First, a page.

Daily Mirror reports on Parliament Street uncovering a fake Cadbury’s Facebook scam

Monday 9th November 2020

Today, the Daily Mirror reported on Parliament Street uncovering an an unscrupulous scam competition offering free chocolate.

Read the article here, or alternatively the text of it is below:

‘Free’ Cadbury’s chocolate hamper warning as thousands of sweet-toothed Brits tricked

The idea of a hamper of free Twirls, Curly Wurlys and Dairy Milk bars is is a tempting one – but people looking to win something for nothing could end up being stung for thousands.

Fraud experts are warning sweet-toothed Brits to steer clear of what looks certain to be a scam competition offering free chocolate.

Researchers at Parliament Street uncovered a dodgy Facebook Group called “Cadbury Rewards” with a message from someone calling themselves “Anna Burton” claiming to be a regional manager at the chocolate company.

The post claims Cadbury’s is offering the giveaway to celebrate its 126th birthday, but almost everything about it is wrong.

First, Cadbury’s is 196 years old, second researchers found no records found for “Anna Burton” at the firm.

The advert was posted on Facebook over the weekend and by Sunday 8th November had over 1,700 ‘likes’ and hundreds of comments.

Additionally, there is absolutely no mention of the competition or the anniversary on Cadbury’s official UK Facebook page.

The fake post on Facebook luring people in (Image: Facebook)

But the convincing message – which is accompanied by an image of a woman clutching a hamper of chocolate including Twirls, Curly Wurlys and Dairy Milk – has seen Brits taken in in the droves.

On Sunday the fake post had more than 1,700 likes and hundreds of comments.

One Facebook commented: “I work for the Royal Derby Hospital on a ward caring for the elderly, we are a Covid ward again, all the staff work so hard, it would be lovely to win one of these and share with the staff.”

Another wrote saying she’d like a hamper to go to her elderly friend who carried on working to support patients affected by Covid-19:  “She’s just retired from the NHS where she has worked for 43 years… but she’s stayed on as she felt like she couldn’t go.”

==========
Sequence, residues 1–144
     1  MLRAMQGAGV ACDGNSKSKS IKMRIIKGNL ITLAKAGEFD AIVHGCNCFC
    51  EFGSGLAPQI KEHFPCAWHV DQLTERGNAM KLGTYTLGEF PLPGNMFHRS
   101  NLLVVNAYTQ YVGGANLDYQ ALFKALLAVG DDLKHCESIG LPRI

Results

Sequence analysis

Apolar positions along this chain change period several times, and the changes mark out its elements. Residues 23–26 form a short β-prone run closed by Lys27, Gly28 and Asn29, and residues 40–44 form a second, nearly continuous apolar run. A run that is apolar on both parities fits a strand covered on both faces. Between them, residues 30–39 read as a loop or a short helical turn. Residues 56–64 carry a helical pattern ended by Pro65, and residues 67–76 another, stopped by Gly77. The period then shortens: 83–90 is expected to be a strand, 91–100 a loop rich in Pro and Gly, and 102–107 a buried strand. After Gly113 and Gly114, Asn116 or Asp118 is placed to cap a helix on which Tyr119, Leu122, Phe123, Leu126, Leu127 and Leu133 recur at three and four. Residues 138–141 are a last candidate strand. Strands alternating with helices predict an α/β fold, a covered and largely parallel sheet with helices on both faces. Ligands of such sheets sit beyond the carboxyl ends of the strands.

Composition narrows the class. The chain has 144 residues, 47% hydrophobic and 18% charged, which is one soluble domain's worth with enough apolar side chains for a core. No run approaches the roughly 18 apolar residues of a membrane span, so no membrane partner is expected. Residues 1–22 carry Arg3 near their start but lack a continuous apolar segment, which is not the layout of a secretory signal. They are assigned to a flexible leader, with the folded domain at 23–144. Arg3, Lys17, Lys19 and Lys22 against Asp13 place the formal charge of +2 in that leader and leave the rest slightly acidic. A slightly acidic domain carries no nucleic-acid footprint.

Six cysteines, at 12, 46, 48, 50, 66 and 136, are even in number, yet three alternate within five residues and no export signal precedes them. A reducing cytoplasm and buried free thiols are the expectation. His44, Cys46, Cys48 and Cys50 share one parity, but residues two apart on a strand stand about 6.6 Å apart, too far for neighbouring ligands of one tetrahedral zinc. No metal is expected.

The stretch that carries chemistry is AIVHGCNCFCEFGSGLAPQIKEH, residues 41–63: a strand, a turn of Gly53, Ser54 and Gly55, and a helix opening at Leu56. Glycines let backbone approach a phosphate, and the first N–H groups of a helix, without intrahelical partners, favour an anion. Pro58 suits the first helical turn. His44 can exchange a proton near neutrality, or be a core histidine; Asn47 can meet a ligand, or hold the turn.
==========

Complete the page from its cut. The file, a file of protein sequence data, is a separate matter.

Worse, people signing up are directed to a fake website using Cadbury branding asking people to enter their name, home address, phone number, email address and bank card details to be eligible.

A Mondelēz International spokesperson for Cadbury’s said: “We’ve been made aware of a circulating post on social media, claiming to offer consumers a hamper of free Cadbury products.

“We can confirm that this has not been generated by Mondelēz and would urge the general public to not interact or share personal information through the post.

“The security of our customers is our priority and we’re working with the relevant organisations to ensure this is resolved.”

Andy Heather, a cyber security expert at Centrify, said: “With the Christmas season fast approaching, it’s no surprise that hackers are attempting to lure lockdown-weary members of the public into handing over their bank details and passwords with the promise of chocolate hampers and tasty treats.

“This is the latest in a series of scams whereby social media platforms are being used to elevate awareness and spread the fraud, hijacking official branding and making use of photos and testimonials to fool victims.”

He added: “We urge all members of the public to remain vigilant against these phishing attacks and always double check that an apparently sweet deal isn’t going to leave a bitter aftertaste.”

Comments are closed.